Harlan Fiske Stone Court (1941-1946)

Harlan Fiske Stone was the 12th Chief Justice of the U.S. Supreme Court, succeeding Charles Evans Hughes. Having served on the Court since 1925, Stone was the second incumbent Associate Justice (after Edward Douglass White) to be elevated to Chief Justice. He was nominated for Chief Justice by President Franklin D. Roosevelt on June 12, 1941. The Senate confirmed Stone on June 27, 1941, and he was sworn into office on July 3, 1941. Stone served as Chief Justice until he died on April 22, 1946 and was succeeded by Fred M. Vinson.

Lasting less than five years, the Stone Court saw relatively few changes in membership. Two Associate Justices joined at essentially the same time as Stone became Chief Justice. Justice James Byrnes filled the vacancy left by Justice James Clark McReynolds, who had resigned earlier in 1941. Justice Robert H. Jackson filled the vacancy left by Stone’s elevation to Chief Justice.

Byrnes served the second-shortest tenure of any Associate Justice in the history of the Supreme Court, and the shortest in the 20th century. When he resigned after just 15 months, he was replaced by Justice Wiley Blount Rutledge. Justice Owen Josephus Roberts retired in July 1945 and was replaced that fall by Justice Harold Hitz Burton.

The Stone Court coincided with the later stages of Roosevelt’s uniquely long presidency. In addition to elevating Stone, Roosevelt appointed most of the Associate Justices. (The two exceptions were Justice Roberts, appointed by President Herbert Hoover, and Justice Burton, appointed by President Harry Truman.) Even though they were largely appointed by the same President, the Justices often disagreed fiercely. While Justice Felix Frankfurter led a group that favored restraint, Justices Hugo Black and William Douglas led a group that urged activism. This rift would persist during the Vinson Court.

The Second World War cast a shadow over the Stone Court. Stone was sworn into office just five months before Pearl Harbor and died eight months after the atomic bombs fell on Japan. The Stone Court thus reviewed several key cases involving national security. After victory in Europe, Justice Jackson served as U.S. Chief of Counsel for the Nuremberg Trials of Nazi leaders in 1945-1946. His absence reduced the Court to eight Justices for that term.

Associate Justices on the Stone Court:

  • Owen Josephus Roberts (1930-1945)
  • Hugo Black (1937-1971)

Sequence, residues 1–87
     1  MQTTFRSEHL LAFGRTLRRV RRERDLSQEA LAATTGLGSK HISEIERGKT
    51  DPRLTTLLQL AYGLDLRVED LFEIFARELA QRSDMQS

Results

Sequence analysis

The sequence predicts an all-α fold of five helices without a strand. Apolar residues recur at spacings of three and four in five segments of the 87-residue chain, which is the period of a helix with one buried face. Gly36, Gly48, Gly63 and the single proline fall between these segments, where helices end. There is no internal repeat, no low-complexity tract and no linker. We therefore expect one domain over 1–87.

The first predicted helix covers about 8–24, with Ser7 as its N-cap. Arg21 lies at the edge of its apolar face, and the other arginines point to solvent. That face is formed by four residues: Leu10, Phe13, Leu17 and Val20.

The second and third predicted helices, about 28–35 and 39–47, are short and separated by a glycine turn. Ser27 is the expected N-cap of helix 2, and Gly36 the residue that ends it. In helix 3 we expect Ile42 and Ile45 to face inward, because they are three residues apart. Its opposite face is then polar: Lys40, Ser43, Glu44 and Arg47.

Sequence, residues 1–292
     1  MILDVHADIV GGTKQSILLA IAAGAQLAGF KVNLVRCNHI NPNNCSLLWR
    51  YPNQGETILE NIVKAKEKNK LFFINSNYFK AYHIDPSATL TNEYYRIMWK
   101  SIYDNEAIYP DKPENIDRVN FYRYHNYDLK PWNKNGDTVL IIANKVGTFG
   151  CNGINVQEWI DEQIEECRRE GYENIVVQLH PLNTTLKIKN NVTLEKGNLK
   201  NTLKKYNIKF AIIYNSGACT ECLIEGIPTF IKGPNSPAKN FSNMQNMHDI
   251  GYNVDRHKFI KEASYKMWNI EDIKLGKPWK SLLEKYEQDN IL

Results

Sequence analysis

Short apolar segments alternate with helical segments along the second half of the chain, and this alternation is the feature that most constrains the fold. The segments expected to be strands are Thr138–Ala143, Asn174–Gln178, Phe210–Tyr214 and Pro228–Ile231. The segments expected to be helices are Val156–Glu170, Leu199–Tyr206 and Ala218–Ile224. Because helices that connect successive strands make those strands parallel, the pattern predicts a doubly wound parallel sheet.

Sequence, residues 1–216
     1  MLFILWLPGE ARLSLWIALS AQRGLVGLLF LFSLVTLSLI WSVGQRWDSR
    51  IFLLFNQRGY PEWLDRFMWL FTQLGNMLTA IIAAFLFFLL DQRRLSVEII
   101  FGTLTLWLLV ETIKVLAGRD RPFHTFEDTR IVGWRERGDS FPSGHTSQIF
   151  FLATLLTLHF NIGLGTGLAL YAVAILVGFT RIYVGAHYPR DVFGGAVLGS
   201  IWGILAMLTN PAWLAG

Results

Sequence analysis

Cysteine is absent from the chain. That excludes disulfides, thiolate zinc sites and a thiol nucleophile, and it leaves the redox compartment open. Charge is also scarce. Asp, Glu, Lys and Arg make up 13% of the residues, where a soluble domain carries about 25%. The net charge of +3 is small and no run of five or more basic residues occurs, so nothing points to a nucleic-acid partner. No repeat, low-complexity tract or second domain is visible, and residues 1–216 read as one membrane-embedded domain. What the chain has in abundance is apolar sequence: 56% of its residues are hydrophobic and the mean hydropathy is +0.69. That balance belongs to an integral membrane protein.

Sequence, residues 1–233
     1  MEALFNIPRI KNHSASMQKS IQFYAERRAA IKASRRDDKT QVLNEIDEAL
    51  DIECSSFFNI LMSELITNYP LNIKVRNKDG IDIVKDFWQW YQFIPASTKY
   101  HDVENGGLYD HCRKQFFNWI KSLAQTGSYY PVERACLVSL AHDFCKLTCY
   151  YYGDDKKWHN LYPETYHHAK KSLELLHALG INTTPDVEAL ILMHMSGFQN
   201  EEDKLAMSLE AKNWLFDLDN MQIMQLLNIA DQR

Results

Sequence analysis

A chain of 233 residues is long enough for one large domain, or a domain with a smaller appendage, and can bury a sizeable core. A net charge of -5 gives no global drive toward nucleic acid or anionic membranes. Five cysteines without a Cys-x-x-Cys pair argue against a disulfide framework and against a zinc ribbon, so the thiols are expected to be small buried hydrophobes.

• Stanley Reed (1938-1957)
  • Felix Frankfurter (1939-1962)
  • William Douglas (1939-1975)
  • Frank Murphy (1940-1949)
  • James Byrnes (1941-1942)
  • Robert H. Jackson (1941-1954)
  • Wiley Blount Rutledge (1943-1949)
  • Harold Hitz Burton (1945-1958)

Selected Landmark Cases of the Stone Court:

U.S. v. Causby (1946)

Author: William O. Douglas

Topic: Property Rights & Land Use

Flights of aircraft over private land that are so low and frequent as to be a direct and immediate interference with the enjoyment and use of the land are as much an appropriation of the use of the land as a more conventional entry on it.

Girouard v. U.S. (1946)

Author: William O. Douglas

Topic: Religion; Immigration & National Security

A foreign national who is willing to take the oath of allegiance and to serve in the army as a non-combatant but who, due to religious scruples, is unwilling to bear arms in defense of the U.S. may be admitted to citizenship.

Marsh v. Alabama (1946)

Author: Hugo Black

Topic: Property Rights & Land Use

A state cannot impose criminal penalties for distributing religious literature on the sidewalk of a company-owned town contrary to regulations of the town management, when the town and its shopping district are accessible to the general public.

Cramer v. U.S. (1945)

Author: Robert H. Jackson

Topic: Immigration & National Security

When an indictment charges treason by giving aid and comfort to enemies of the U.S., this requires proof of an overt act by the accused that is sufficient in its setting to sustain a finding that they actually gave aid and comfort to the enemy. Simply meeting and talking with the enemy is not enough.

Bowles v. Seminole Rock & Sand Co. (1945)

Author: Frank Murphy

Topic: Government Agencies

In interpreting an administrative regulation, a court must look to the administrative construction of the regulation if the meaning of the words used is in doubt. The administrative interpretation holds controlling weight unless it is plainly erroneous or inconsistent with the regulation. (The Court reaffirmed this rule in Auer v. Robbins.)

Special Equipment Co. v. Coe (1945)

Author: Harlan Fiske Stone

Topic: Patents

A subcombination patent may be used to prevent appropriation by others of a combination invention that the claimant is using when there is no purpose to enlarge the patent monopoly of either invention.

International Shoe Co. v. Washington (1945)

Author: Harlan Fiske Stone

Topic: Lawsuits & Legal Procedures

To subject a defendant to personal jurisdiction when they are not present in the territory of the forum, the defendant must have certain minimum contacts with the forum such that the maintenance of the lawsuit does not offend traditional notions of fair play and substantial justice.